Kendrick Lamar Wins A Pulitzer Prize

April 17, 2018, 5:51 PM UTC

The 2018 Pulitzer Prizes were announced yesterday afternoon. The big winners were truth, justice, and DNA.

In one of the greatest surprises in the history of the storied awards, rapper Kendrick Lamar won for his fourth LP, DAMN. Fans were disappointed when the work had been overlooked at the 2018 Grammys, when Album of the Year went to Bruno Mars.

Suddenly, that doesn’t feel like much of a thing anymore.

It was the first time the Pulitzer didn’t go to a jazz or classical artist. “The time was right,” Dana Canedy, the first woman, the first person of color, and the youngest person ever to administer the prizes. “It shines a light on hip-hop in a completely different way. This is a big moment for hip-hop music and a big moment for the Pulitzers.”

It was also a big moment for Canedy; here is her face the moment before she announced the award. Here is her son immediately afterward.

Nearly half of the prizes went to local outlets who were following issues that could easily have been ignored if it weren’t for the dogged journalists who stayed true to their beats and their communities. (Praise up to the Cincinnati Enquirer and their reporting on heroin addiction.)

But the Pulitzers also acknowledged the big movements that shaped 2017.

It’s worth noting that Harvey Weinstein, who was notoriously focused on winning awards, was the subject of the reporting that earned the Times’ Jodi Kantor and Megan Twohey and The New Yorker’s Ronan Farrow the prize for Public Service. Their stories detailed allegations of his sexual harassment, brutality, coercion, and paid settlements, and helped fuel the #MeToo movement.

The staff of The Washington Post also won for their reporting on the 2017 Alabama Senate race and the disturbing allegations that candidate Roy Moore had a history of sexually harassing teen girls. It changed the course of the election.

The New York Times and The Washington Post took the national reporting award for their coverage of the investigation into Russian meddling in the 2016 U.S. presidential race and possible connections between President Donald Trump’s campaign and key Russian officials.

The spotlight was on hate, as well.

Prolific profile writer Rachel Kaadzi Ghansah won for her unflinching portrait of convicted mass shooter Dylann Roof, and the village that fed his irrational anger. It was the first win for GQ and, I believe, the first win for a freelance writer.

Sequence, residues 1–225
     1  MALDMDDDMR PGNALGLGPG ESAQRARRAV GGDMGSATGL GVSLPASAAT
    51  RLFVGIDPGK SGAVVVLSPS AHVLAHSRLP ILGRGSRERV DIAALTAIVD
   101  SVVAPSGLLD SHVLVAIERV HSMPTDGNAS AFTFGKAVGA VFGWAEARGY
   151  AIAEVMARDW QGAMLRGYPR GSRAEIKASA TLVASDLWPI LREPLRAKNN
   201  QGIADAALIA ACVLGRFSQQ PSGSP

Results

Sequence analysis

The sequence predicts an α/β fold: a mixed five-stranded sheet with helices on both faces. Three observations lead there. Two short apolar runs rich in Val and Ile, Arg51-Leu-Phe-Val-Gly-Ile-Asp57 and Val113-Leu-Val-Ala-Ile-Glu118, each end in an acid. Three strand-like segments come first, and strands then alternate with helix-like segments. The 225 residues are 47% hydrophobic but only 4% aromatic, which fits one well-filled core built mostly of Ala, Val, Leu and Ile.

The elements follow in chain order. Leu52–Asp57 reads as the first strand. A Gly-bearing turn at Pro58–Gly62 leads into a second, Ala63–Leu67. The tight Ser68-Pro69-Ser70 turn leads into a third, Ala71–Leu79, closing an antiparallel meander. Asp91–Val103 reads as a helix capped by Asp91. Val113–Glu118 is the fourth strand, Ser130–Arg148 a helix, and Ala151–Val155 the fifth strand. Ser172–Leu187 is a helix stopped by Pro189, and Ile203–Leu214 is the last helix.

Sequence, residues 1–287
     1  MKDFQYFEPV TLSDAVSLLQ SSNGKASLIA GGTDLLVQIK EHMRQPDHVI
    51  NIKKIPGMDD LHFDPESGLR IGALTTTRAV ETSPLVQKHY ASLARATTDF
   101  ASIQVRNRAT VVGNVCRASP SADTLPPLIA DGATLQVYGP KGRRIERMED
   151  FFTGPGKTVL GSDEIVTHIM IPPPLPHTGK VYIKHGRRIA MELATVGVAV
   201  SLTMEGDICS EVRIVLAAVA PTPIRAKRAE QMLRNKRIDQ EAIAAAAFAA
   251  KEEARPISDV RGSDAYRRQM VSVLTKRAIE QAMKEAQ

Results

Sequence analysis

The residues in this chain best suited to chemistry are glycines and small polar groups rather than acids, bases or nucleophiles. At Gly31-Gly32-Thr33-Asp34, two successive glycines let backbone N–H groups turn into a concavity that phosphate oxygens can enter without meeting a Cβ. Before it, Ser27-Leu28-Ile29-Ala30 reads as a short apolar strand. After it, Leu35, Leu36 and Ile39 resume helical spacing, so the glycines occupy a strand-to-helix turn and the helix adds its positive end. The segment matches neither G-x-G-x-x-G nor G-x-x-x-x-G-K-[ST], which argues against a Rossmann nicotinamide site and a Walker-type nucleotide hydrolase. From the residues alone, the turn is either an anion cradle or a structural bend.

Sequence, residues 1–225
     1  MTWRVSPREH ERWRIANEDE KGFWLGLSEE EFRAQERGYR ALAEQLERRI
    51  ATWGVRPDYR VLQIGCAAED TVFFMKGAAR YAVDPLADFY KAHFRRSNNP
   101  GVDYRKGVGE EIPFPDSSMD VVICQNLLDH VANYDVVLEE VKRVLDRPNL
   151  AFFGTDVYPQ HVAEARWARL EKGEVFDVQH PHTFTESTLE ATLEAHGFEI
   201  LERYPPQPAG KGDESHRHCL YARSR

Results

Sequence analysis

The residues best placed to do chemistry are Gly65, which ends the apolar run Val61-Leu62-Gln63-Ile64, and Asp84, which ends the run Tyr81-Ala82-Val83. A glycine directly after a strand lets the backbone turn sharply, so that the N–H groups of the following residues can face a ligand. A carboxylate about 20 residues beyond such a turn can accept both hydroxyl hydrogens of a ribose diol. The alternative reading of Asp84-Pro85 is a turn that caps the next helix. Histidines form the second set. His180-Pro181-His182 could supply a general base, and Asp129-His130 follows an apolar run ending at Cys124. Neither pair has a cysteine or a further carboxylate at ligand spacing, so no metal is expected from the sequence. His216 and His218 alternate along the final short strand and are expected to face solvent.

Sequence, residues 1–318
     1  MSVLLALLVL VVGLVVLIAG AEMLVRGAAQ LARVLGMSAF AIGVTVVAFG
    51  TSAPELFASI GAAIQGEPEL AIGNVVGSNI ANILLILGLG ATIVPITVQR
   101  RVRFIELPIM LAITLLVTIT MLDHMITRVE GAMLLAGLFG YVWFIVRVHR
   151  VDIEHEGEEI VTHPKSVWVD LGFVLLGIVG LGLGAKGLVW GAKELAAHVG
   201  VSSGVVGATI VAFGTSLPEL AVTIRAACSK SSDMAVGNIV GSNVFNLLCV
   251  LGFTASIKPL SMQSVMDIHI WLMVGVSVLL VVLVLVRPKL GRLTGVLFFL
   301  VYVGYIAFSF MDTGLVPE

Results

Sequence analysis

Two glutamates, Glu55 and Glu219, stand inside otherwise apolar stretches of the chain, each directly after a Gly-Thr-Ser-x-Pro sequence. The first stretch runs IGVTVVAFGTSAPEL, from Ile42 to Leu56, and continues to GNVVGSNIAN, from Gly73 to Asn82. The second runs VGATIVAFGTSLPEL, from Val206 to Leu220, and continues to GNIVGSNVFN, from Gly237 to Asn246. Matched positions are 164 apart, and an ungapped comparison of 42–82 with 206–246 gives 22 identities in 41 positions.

“You’ve always had poor white people in America, right?” Ghansah told NPR in an interview about the story. “What you haven’t always had, though, I think is the discussion of where these people come from and what they do with their anger,” she says. Roof never finished school, never learned a trade, and surrounded himself with like-minds who are literally arming themselves for a race war. “And so if you’re really talking about who wants something from America without putting anything in, it’s them.”

Bookmark this list of Gansah’s work compiled by Longreads, and save it for when you can savor it. There’s a pattern there, an ability to wrest a new meaning from even familiar characters, and an ability to blend her life’s blood into the writing without taking the spotlight away from her subject. (Yes, there is an essay about Beyonce that you must not miss.)

This year, the Pulitzers provided a much needed emotional boost to weary newsrooms and their readers: Journalism isn’t dead, the truth matters and standing up to bullies is worth the fight.

On Point

The photojournalist who just won the Pulitzer now works for a breweryNot only that, the photo was taken on his last day in the newsroom. Ryan Kelly won a Pulitzer Prize for breaking news photography for the image he made of a car plowing through protestors at a white supremacist rally. It was his last day at The Daily Progress, a Charlottesville, Va. local paper. Although he still freelances, he runs social media for a Richmond brewery, which, I’m sure, has an awesome photo feed. "I think this is a super valuable reminder for people of the power of local journalism," he told Poynter. But for now, the stress and the state of the media industry isn’t as alluring as free beer at the end of a shift.Poynter

New Yorkers: Say goodbye to Dr. J. Marion Sims